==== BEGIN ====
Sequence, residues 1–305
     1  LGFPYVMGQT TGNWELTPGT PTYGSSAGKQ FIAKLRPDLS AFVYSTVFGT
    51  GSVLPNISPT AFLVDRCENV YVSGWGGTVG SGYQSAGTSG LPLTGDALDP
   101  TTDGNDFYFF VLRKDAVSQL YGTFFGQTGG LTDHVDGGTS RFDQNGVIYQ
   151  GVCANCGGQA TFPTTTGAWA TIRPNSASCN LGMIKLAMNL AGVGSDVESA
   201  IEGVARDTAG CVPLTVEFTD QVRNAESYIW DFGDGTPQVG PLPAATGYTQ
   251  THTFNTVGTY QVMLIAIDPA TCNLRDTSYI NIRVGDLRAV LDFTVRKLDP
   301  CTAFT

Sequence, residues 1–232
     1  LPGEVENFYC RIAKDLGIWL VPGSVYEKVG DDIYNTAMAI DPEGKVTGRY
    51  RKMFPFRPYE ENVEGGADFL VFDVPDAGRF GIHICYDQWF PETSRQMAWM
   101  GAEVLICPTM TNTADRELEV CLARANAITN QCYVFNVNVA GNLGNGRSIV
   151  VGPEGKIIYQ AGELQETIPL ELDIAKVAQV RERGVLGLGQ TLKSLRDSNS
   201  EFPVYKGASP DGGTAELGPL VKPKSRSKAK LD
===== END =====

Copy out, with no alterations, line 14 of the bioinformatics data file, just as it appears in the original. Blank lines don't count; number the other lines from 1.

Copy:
   201  EFPVYKGASP DGGTAELGPL VKPKSRSKAK LD